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3 thoughts on “St. John Maximovitch

  1. Mike Butler says:

    Wow! Thank you for this peek inside a building I have driven by many times and never had the opportunity or gumption to peek inside of.

    As for the future blog on liberal Protestants and icons, you had better not be joking, because I will be looking forward to hearing the answer. Would appreciate also if you could expand your observations and offer an opinion as to why (or if) various religious groups tend to choose “trappings” like those icons, as if to distinguish themselves, even when these are not necessarily an essential element of a group’s belief (Mormon men in white shirts and ties, Episcopalians with enough silk robes and gilt candlesticks to make the Pope blush, evangelical ministers who seem to sprout pompadour hairstyles and Southern accents even if they’re from Maine).

  2. Hi, Mike–I’m not kidding about wanting to blog a little at some point about the liberal Protestant love affair with Orthodox icons. It’s an intriguing instance of appropriating artifacts across religious traditions. Stay tuned.

  3. Maria Peavy says:

    Christ is Risen!
    I stumbled upon your descriptions and felt I had to contribute a few comments. I am part of ROCOR – the Russian Orthodox Church Outside of Russia. I was born and raised Orthodox, and consider myself and my family devout Orthodox Christians. I also have many friends who are evangelical Christians because my children atttended an EVfree preschool. We liberalyy dipped into the resources of that church, simply because most protestant denominations have highly honed programs for evangelizing which draw in youth, seniors, adults, seekers, devout Christians, etc. These are mostly wonderful joyful programs run by devoted and deeply believing Christians, eager to spread the good news of Christ. In the Orthodox church, we rarely have such organized methods for attracting and converting members and teaching the Gospels. I learned alot and shared alot, too. A few things that I discovered was the complete absence of mysticism in the Protestant faith. And this is where our Russian Orthodox icons come in – they are windows into heaven, representaations of the angels and saints and Christ Himself and His mother who are mystically with us, physically next to us always. We don’t actually worship saints or their images but we do ask them, to pray for us – just as we ask our friends on earth to pray for us. Another interesting thing I heard many times from Protestant friends was that they missed having a liturgical year. They observed my family living by the rhythm of our church caldendar. A succession of fast days and non fast days, days of commenorating certain saints (that is remembering their death or martrydom, Holy days and Sundays. Each day has a cycle of prayer and each year has a cycle of prayers and readings and celebrations. After a few years, some of my Protestant friends commented that they liked the idea of a daily, weekly and annual rhythm that is repeated, rather than the “reinvented” sunday services with ever changing musical numbers and displays. Although the music is enjoyable, and certainly creative, having the sameOrthodox cycles repeating year after year bring great stability comfort and peace. God is awsome and there is no place for a mere human to declare that church is “boring” or feel that there needs to be entertainment. We are deeply and humbly worshipping and communing with our Lord, to the point of standing during church services.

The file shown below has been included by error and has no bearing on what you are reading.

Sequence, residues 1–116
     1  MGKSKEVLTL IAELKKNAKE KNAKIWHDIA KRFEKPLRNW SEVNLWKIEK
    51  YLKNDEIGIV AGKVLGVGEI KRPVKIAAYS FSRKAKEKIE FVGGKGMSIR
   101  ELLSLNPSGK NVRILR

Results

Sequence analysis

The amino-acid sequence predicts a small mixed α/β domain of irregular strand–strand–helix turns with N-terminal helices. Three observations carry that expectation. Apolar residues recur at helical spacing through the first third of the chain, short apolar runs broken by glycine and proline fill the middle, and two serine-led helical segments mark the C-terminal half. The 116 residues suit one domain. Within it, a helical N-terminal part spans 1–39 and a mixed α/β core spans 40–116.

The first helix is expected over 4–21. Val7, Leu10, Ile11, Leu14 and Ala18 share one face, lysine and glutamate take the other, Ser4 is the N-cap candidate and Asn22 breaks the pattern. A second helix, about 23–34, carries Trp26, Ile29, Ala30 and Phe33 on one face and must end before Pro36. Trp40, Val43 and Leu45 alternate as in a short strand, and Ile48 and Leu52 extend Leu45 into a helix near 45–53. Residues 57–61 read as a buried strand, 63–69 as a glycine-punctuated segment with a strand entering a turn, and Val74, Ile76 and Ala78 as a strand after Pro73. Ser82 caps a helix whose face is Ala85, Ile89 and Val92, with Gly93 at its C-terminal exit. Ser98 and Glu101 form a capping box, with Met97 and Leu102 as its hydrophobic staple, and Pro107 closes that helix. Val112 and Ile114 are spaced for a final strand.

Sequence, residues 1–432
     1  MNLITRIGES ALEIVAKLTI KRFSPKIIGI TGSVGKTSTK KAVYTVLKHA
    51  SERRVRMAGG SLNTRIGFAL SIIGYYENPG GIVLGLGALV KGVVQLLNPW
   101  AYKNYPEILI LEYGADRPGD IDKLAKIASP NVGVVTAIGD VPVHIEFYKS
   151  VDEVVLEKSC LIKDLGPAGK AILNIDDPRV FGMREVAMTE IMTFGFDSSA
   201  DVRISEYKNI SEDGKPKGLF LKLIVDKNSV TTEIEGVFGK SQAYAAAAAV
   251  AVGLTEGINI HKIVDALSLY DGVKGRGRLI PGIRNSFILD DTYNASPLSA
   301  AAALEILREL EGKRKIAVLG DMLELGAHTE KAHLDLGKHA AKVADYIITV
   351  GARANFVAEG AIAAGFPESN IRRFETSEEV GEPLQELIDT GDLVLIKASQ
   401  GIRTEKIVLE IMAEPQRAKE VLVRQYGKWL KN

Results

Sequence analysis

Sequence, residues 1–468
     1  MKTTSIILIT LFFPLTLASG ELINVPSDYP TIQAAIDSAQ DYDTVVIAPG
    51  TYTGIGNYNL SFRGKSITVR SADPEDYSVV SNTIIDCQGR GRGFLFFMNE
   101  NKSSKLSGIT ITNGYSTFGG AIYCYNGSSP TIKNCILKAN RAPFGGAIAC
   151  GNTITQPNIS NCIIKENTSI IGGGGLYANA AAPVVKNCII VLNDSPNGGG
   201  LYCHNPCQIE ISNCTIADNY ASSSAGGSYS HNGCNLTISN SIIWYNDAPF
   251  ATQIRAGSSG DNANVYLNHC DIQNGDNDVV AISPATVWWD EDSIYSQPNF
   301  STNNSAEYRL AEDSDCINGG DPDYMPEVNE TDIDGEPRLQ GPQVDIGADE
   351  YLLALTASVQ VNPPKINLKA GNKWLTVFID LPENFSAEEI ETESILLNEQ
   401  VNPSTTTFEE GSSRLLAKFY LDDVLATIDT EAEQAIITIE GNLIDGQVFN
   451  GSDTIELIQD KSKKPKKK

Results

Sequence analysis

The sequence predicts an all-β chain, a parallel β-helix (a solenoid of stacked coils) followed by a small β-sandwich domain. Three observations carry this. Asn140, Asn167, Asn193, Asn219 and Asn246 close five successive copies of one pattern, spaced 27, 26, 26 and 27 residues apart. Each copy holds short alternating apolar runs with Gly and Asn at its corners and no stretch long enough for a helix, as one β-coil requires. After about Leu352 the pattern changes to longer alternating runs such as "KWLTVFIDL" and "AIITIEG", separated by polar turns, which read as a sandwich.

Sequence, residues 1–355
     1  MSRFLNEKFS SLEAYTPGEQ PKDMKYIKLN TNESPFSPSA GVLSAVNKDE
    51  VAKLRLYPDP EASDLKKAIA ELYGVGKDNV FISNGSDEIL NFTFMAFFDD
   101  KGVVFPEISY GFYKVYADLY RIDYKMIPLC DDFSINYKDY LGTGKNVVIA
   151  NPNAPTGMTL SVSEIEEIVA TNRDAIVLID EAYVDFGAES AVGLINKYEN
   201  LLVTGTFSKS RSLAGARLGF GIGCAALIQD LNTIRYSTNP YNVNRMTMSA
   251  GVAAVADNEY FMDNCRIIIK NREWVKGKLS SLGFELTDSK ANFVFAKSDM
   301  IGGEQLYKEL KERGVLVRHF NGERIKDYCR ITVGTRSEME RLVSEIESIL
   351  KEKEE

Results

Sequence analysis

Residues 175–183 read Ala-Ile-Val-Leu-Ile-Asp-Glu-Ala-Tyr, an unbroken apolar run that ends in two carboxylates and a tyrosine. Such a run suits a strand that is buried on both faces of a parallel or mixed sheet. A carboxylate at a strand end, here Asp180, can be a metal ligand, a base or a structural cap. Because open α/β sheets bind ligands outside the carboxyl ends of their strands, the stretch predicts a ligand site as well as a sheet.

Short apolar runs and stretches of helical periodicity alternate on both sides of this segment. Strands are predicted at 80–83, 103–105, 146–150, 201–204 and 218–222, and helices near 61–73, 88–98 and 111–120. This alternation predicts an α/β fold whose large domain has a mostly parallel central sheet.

St. John Maximovitch was a person who while alive was already living away from earth and its trappings, its comforts and its frivolities.. He prayed constantly and for everyone, slept little, and even then in a chair, walked barefott everywhere and pandered to no one. His eyes could bore a hole right into your soul and conscience.
    I do hope you have the opportunity to visit many more Orthodox churches and pray that you come eventually to receive the fullness of the anceint, living, original (not new and improved) Church of Christ.
    thank you,